Consistent with the stated mission of the Committee, our assessment focused on Judge Gorsuch’s personal integrity, professional competence, and judicial temperament, with “an emphasis on laws and decisions regarding women's rights or that have a special impact on women.”2 Our review of over 500 opinions, concurrences, and dissents written by
The key issues of concern identified through the Committee’s review of Judge Gorsuch’s writings fall into two key categories. First, the Committee is concerned by Judge Gorsuch’s expansive view of religious rights and of the rights of corporate entities, which has led him to conclude that the religious rights of individuals and corporations take precedence over women’s liberty interests, including women’s reproductive rights. Second, the Committee is concerned by Judge Gorsuch’s narrow reading of the holdings in key cases where the application of substantive due process was held to protect individual liberties of women and minorities.
In our view,
- In a concurring opinion in
Hobby Lobby Stores, Inc.v. Sebelius, 723 F.3d 1114 (10th Cir. 2013), Judge Gorsuchheld that an expanded application of religious freedom operates to invalidate the contraception coverage mandate of the Affordable Care Act (“ACA”), limiting a woman’s reproductive health choices. This opinion expanded the theory of religious rights to include corporate decision-making and, in so doing, limited the rights of women employees to make their own health care decisions.5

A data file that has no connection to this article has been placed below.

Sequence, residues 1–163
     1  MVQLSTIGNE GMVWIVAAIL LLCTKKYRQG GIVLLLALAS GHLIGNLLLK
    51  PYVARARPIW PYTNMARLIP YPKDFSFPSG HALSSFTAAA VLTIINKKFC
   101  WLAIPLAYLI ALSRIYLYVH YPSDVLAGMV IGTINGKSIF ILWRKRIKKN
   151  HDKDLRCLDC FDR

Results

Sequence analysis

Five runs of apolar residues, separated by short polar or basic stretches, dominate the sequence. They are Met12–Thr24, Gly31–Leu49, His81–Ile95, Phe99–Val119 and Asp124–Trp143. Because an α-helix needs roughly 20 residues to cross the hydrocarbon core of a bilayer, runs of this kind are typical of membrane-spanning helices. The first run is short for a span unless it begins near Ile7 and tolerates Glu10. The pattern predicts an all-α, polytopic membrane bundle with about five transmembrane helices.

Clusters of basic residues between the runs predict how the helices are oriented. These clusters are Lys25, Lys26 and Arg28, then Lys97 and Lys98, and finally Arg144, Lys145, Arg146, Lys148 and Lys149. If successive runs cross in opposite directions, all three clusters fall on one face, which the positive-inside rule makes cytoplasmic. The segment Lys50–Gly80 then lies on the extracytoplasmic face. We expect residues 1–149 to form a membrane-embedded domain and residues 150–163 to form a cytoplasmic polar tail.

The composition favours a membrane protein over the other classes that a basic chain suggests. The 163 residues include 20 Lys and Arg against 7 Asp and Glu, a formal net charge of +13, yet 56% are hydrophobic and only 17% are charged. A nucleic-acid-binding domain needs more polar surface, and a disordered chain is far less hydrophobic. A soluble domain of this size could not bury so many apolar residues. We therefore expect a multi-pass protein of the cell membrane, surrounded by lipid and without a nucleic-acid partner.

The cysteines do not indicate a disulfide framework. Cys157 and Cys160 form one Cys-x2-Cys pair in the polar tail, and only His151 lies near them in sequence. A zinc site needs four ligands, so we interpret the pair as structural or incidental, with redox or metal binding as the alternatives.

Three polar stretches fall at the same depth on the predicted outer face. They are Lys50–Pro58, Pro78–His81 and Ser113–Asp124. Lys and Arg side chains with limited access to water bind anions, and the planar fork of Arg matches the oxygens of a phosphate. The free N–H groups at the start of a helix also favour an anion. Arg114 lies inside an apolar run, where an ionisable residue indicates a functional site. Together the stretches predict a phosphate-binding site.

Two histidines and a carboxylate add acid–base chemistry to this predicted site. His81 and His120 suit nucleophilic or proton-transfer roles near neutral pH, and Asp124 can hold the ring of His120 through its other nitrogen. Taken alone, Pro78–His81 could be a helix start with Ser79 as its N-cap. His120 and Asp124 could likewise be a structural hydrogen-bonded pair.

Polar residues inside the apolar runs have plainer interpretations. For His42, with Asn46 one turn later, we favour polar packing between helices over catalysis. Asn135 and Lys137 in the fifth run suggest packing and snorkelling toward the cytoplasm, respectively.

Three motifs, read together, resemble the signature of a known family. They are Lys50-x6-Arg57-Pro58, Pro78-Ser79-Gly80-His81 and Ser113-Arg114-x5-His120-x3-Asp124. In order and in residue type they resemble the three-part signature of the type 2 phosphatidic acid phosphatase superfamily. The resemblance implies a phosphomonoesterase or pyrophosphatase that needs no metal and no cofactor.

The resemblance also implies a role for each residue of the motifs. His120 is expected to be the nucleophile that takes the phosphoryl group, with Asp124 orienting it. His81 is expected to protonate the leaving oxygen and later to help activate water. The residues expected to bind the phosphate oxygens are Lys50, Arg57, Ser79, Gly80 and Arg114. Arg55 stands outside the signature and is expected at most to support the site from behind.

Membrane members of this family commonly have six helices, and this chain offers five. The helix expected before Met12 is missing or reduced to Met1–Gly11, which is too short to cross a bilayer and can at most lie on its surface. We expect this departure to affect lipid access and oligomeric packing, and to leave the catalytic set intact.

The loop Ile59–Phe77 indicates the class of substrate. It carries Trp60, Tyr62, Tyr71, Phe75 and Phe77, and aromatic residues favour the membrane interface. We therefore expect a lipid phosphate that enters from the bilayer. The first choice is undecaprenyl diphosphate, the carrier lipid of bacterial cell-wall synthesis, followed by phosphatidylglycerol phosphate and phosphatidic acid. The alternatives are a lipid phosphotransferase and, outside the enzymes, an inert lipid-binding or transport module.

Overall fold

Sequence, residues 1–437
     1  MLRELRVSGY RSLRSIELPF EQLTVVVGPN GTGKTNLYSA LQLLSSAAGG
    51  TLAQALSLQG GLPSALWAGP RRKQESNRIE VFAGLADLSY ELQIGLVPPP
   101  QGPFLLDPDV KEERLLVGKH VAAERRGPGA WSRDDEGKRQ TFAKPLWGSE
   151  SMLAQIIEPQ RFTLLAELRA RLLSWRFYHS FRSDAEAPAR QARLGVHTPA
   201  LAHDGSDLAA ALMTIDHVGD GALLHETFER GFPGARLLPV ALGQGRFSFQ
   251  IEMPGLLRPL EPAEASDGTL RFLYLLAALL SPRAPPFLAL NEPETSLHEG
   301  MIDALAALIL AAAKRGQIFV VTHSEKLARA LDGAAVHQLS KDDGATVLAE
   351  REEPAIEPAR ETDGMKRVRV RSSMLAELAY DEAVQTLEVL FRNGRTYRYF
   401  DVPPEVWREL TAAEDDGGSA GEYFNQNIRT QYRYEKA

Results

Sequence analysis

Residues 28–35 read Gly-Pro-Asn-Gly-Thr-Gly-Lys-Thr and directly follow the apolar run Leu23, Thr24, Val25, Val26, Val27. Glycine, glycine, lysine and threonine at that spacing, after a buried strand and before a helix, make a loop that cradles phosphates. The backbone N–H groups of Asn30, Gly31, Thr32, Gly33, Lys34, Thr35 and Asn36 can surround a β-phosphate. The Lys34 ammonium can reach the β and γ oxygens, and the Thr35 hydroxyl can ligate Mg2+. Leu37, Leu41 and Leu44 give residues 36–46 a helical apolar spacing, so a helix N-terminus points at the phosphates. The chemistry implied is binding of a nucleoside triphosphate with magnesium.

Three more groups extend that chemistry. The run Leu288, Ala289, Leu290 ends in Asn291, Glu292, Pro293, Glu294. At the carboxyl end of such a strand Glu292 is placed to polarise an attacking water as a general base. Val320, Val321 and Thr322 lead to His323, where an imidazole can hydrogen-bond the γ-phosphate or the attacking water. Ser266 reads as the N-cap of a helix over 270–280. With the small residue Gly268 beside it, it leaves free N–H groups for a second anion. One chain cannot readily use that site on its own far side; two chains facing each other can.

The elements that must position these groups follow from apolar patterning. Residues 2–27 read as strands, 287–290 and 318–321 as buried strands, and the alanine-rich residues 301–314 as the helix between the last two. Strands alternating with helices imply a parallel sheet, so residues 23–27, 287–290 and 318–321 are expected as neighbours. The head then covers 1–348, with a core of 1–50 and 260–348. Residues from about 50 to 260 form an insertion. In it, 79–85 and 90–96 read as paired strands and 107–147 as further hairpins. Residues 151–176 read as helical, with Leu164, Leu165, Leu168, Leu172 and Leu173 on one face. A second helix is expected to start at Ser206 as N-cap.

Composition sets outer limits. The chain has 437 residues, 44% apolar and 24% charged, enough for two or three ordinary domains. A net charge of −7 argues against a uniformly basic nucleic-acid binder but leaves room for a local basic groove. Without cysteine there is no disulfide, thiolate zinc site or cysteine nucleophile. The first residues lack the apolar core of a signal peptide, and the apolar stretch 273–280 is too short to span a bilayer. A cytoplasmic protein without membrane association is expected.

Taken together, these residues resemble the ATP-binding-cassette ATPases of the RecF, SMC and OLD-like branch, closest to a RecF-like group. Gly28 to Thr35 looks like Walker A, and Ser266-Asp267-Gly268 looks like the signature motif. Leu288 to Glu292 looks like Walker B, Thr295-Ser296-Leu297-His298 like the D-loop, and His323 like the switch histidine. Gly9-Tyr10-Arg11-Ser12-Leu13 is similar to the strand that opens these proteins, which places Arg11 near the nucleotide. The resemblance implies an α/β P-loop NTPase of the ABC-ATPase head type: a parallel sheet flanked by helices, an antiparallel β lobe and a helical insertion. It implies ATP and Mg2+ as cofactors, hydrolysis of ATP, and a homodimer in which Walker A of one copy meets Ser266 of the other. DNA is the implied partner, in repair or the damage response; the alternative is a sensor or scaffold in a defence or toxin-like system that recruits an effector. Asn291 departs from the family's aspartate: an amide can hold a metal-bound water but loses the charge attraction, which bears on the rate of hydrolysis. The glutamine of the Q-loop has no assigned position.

- In Little Sisters of the Poor Home for the Aged,
Denver, Colo.v. Burwell, 799 F.3d 1315, 1317 (10th Cir. 2015), the Tenth Circuit Court of Appealsupheld the ACA accommodation allowing religiously-affiliated non-profit organizations to submit a form opting out of birth control coverage through employer provided health plans while ensuring women could nevertheless obtain coverage from those insurance plans. In a sua sponte poll for rehearing, Judge Gorsuchjoined a dissent from the denial of rehearing, which argued that the act of submitting the form, itself an attempt to balance an organization’s religious freedom and women’s access to contraception, violated the plaintiffs’ religious freedom.
In another case,
Judge Gorsuch’s writings also exhibit a reluctance to recognize precedent that applies substantive due process to protect the rights of women and minorities.6 In Chapter 5 of his 2006 book titled The Future of Assisted Suicide and Euthanasia,
The Committee finds that
Nevertheless, because the Committee has found that
The mission of the
3 Id., p. 5 (emphasis added).
5 NAWL joined in the National Women’s Law Center’s Amicus brief filed in the
6 See Gorsuch, Neil, The Future of Assisted Suicide and Euthanasia, Ch. 5: “Casey and Cruzan: Do They Intimate a Right to Assisted Suicide and Euthanasia,” (2006).